Radar sensors have moved in the past years from bulky systems to integrated solutions, driven by the needs of many applications in varying domains. They are the key component in self-driving cars, to provide robust sensing capabilities in every weather condition. They allow to monitor vital signs such as breathing and heart rate of elderly people. One of the latest applications is gesture recognition in recent smartphones.
The key component in a modern radar is a frequency-chirping Phase-Locked Loop (PLL), that generates an ultra-clean sinewave of a linearly increasing frequency. This Frequency-Modulated Continuous Wave (FMCW) radar system allows to detect both distance and speed of targets in the environment. The transmitted signal reflects on such targets, and is received by the receiver after a certain time proportional to the propagation time (at the speed of light) to travel back and forth from the radar. The receiver mixes this signal with the same FMCW source signal, and the beat frequency at the output of this is a measure of the distance traveled.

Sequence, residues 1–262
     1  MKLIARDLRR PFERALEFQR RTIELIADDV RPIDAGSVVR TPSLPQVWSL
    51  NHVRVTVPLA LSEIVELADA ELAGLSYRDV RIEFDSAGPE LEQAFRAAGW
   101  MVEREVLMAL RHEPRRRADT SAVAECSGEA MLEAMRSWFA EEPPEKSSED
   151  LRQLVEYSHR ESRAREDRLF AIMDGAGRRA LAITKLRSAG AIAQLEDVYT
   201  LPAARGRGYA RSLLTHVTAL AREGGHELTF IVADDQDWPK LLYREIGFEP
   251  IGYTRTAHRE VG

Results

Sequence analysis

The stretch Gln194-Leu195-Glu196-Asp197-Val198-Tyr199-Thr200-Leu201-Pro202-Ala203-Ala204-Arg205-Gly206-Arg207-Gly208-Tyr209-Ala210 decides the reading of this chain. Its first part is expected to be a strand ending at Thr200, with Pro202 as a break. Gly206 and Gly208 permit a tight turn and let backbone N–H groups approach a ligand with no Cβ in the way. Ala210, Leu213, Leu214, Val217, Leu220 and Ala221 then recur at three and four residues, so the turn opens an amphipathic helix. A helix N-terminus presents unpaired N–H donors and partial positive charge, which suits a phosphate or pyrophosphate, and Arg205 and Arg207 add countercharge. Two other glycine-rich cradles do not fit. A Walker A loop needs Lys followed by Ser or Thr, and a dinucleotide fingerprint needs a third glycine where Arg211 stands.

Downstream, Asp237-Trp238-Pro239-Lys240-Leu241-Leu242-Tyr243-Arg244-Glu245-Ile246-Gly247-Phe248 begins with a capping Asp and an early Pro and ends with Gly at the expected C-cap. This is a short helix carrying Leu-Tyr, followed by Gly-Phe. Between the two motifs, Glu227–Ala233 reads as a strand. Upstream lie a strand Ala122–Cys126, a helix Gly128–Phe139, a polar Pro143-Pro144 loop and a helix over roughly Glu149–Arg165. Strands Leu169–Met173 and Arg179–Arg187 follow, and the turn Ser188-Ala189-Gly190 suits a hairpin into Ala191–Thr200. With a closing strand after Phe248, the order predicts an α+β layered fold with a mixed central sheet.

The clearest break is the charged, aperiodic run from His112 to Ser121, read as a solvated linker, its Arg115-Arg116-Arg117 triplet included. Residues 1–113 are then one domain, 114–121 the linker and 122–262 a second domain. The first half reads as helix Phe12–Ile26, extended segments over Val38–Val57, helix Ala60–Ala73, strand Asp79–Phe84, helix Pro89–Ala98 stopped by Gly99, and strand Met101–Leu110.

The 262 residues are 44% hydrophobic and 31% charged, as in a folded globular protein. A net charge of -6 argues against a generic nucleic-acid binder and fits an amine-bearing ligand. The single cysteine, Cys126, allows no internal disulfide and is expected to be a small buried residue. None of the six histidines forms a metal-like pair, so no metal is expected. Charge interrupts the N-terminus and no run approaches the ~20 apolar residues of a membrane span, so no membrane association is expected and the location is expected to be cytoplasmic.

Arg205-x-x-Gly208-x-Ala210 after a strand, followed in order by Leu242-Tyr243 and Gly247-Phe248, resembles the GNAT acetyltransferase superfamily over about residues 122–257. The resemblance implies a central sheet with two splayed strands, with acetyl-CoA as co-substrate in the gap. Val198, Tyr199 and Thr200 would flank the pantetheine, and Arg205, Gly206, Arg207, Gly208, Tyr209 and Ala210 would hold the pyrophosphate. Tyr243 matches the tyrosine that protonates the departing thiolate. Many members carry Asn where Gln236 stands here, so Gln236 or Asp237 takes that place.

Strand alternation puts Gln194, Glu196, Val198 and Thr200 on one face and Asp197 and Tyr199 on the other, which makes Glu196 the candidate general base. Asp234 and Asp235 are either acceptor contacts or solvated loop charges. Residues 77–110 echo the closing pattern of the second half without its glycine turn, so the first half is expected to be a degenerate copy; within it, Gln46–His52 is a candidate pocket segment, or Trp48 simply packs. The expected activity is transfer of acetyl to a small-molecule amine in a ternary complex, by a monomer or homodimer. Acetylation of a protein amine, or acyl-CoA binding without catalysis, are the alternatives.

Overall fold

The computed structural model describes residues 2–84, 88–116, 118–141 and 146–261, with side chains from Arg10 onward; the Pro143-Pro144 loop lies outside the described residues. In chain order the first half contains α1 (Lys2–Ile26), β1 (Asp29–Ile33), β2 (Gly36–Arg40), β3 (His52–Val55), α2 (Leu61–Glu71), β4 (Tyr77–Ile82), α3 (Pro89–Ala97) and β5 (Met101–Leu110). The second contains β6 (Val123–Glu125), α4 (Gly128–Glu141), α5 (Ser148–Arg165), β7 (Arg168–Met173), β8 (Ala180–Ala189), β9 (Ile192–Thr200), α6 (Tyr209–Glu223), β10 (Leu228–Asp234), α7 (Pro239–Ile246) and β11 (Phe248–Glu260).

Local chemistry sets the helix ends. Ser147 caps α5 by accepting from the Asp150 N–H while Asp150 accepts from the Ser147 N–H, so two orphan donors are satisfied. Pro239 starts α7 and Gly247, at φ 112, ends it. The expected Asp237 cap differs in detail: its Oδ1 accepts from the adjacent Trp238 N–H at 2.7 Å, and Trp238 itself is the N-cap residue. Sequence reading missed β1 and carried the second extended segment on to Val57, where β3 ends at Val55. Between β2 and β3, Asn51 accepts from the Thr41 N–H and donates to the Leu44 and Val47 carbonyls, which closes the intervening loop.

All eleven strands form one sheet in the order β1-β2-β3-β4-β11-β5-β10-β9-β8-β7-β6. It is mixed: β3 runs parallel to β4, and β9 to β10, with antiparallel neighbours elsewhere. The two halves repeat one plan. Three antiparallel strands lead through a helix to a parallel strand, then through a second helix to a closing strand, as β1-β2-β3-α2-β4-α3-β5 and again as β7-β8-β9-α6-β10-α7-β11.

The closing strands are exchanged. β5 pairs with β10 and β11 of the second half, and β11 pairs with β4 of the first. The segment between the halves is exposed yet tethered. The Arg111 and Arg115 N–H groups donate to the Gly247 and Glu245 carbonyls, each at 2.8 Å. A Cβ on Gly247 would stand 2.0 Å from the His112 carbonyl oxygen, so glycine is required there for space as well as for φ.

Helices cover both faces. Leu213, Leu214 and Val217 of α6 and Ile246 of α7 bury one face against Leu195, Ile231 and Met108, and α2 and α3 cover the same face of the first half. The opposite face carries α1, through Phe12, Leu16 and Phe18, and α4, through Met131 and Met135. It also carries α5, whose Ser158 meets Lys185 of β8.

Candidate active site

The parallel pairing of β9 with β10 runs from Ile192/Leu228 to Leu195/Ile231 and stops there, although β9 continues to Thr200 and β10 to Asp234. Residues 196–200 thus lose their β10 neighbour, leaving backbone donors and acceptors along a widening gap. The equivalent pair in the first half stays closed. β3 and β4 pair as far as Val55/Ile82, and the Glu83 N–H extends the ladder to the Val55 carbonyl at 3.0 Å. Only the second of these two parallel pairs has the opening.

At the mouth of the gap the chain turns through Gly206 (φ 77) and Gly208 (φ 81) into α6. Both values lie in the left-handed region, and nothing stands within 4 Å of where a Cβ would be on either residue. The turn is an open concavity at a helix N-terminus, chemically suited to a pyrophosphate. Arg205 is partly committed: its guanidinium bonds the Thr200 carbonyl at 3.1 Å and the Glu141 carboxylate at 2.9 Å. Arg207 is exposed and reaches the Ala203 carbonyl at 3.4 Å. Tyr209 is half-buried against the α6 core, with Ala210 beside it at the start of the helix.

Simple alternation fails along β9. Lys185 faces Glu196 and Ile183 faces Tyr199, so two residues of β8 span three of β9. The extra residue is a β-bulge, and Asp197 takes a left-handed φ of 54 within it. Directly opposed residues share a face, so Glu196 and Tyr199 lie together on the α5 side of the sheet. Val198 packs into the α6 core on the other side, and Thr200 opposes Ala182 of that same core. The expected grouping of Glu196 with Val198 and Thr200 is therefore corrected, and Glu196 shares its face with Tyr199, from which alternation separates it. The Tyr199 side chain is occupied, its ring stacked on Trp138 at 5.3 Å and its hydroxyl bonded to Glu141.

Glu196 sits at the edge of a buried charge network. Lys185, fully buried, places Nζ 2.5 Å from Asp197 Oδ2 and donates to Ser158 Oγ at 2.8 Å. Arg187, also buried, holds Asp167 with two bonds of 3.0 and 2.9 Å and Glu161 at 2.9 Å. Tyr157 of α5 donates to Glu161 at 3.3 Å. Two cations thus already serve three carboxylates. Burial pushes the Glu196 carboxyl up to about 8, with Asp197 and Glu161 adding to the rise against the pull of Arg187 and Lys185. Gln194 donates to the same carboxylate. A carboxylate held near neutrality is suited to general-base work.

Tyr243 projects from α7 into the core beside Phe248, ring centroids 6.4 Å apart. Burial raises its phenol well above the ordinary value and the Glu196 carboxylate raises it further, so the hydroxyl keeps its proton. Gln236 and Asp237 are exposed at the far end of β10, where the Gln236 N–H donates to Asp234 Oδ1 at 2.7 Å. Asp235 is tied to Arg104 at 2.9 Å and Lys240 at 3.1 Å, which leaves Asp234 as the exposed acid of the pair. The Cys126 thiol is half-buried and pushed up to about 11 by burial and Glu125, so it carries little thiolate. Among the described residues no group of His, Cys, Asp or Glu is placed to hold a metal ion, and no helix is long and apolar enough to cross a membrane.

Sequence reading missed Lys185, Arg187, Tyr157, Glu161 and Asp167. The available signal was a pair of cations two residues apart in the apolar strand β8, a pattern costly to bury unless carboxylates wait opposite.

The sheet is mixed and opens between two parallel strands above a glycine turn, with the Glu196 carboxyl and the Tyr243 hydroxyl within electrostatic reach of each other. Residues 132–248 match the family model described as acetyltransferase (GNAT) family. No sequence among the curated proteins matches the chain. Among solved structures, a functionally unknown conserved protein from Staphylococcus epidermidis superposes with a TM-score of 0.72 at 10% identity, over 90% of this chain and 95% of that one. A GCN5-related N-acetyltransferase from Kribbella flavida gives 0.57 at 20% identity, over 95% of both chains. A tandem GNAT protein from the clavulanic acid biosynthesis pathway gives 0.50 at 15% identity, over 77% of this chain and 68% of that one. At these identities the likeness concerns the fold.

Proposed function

Many of the key performance criteria of the radar system are determined by the quality of the generated FMCW source. Any nonlinearity in the frequency vs time curve will cause errors in the detected distance and speed. Any noise in the system will prevent the detections of small targets, hidden in the noise floor. The total available bandwidth that can be generated (difference between maximum and minimum frequency) determines the range resolution of the radar, several GHz of bandwidth are required for cm-accurate detection of targets.
This PhD will try to push further the performance of FMCW PLLs, combining novel mixed-signal signal processing and calibration techniques with state of the art design of the key building blocks such as Voltage-Controlled Oscillator (VCO) and Digital-to-Analog converters (DAC). Key aspects will be a reduction of power consumption for operation in battery-powered devices, and an increase in available bandwidth to enable new applications with high range resolution.
We’re looking for a highly motivated PhD student with sufficient background in analog circuit design, capable of understanding and modelling complex mixed-signal systems.